When I rolled into Philly last Friday, I only had one end goal in mind:
Since it was May (i.e.: high outdoor market season), I decided to hit up two of the city’s iconic –– and wildly different –– street festivals: The historic Italian Market Festival and the über-trendy Rittenhouse Square Row Festival.
The two are held only 20 or so blocks apart, but the differences couldn’t have been any more stark.
First, let's set the scene. The festivals are just over a mile apart, with the Italian Market Festival (A) further South and Rittenhouse Square (B) closer to downtown.
They couldn't be more different. The Italian Market is the oldest outdoor market in the country, open 7 days a week, year-round, smack in the middle of Philly's historically Italian (and increasingly hipster) 'hoods, Bella Vista and East Passyunk.
On a normal day, Rittenhouse Square is a quiet residential area. It's been one of the more upscale areas in the city since the mid-19th century, when it was home to Philly's Victorian aristocracy.
I started my day at the Italian Market, where people were already chowing down and packing the streets by 11:30 a.m.
City-favourite Isgro's was inundated with sweet-toothed customers vying for at taste of their famous cannolis.
They could have doubled their prices for the festival, but everything I ate was cheap and incredibly tasty –– like this $10 sausage sandwich from Paesano's. It was more than enough for two.
The best part was being able to step into the physical restaurant, which was conveniently right along the festival's route.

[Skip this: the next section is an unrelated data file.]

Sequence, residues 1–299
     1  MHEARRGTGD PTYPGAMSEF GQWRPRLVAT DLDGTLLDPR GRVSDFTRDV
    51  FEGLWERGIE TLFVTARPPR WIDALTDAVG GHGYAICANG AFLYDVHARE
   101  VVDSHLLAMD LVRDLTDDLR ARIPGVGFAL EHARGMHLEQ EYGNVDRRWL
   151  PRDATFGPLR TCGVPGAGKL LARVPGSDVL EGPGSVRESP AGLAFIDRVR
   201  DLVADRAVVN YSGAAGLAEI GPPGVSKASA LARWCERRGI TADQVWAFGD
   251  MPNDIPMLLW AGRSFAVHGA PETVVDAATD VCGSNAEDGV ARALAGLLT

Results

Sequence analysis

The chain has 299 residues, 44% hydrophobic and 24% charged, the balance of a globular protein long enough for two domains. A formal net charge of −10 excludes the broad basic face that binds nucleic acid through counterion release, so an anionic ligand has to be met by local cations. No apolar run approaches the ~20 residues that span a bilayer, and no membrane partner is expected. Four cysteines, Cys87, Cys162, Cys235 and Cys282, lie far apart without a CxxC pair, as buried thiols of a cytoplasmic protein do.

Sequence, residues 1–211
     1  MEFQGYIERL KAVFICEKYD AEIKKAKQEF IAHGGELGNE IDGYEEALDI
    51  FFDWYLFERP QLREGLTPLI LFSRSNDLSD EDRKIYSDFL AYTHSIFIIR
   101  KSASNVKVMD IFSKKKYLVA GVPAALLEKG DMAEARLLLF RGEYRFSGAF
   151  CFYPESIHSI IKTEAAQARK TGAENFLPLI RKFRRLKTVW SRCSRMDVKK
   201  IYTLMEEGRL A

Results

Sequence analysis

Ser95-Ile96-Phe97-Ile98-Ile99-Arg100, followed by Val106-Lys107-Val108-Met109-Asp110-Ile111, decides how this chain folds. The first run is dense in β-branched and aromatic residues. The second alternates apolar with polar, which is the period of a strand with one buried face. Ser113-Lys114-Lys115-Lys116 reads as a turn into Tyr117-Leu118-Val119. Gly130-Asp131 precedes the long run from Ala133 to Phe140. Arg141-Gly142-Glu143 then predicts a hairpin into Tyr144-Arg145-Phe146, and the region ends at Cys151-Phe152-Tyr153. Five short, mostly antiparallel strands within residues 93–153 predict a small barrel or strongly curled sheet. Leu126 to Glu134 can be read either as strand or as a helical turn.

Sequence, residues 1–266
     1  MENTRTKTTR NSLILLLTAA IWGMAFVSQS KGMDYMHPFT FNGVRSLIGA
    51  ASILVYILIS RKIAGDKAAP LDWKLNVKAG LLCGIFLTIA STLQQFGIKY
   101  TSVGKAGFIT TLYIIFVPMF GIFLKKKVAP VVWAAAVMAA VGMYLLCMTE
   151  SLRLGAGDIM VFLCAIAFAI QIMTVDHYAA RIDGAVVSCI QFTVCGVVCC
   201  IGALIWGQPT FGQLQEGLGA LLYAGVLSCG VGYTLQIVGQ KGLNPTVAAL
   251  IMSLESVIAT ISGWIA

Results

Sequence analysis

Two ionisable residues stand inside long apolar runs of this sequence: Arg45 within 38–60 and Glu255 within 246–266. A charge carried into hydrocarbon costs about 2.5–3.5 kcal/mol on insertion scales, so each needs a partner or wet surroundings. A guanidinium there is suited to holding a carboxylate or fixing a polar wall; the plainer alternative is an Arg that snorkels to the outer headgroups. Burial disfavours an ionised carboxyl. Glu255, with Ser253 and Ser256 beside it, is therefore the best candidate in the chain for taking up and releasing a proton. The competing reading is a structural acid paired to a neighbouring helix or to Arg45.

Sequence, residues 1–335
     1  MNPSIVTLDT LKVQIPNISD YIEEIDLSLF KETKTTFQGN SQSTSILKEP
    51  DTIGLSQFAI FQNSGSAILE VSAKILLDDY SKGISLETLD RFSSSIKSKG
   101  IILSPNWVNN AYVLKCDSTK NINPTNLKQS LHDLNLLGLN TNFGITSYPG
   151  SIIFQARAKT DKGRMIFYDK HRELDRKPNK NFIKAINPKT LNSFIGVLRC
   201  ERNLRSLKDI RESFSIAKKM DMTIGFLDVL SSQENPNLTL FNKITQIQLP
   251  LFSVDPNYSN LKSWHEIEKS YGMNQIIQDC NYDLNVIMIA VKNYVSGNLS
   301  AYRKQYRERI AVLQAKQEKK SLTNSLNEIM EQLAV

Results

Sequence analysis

I had to poke my head inside Philly's famous cheese shop, Di Brunos Brothers. Throngs of people packed the shop and it smelled as close to heaven as I've ever come.
Not to mention the fact that they were serving up some seriously cheap and delicious eats for less than $5 right outside.
Not that any of that would fill you up, so go ahead and head on over for a mini taco –– $3.50 a pop.
But good luck trying to find a real cheesesteak. Mini Philly steaks and fajitas were about as close as you could come at the Rittenhouse festival.
The Di Brunos Bros table wasn't getting anywhere near as much love as their brethren at the Italian Market.
I wound up walking away with a $3 watermelon juice, feeling grateful that I'd filled up at the Italian Market beforehand.
And Rittenhouse's resident balloon artist had a bit more going on than puppies and princess crowns ...
At the end of the day, I can't pretend I didn't have a better time (and save more cash) eating my way through the Italian Market festival.
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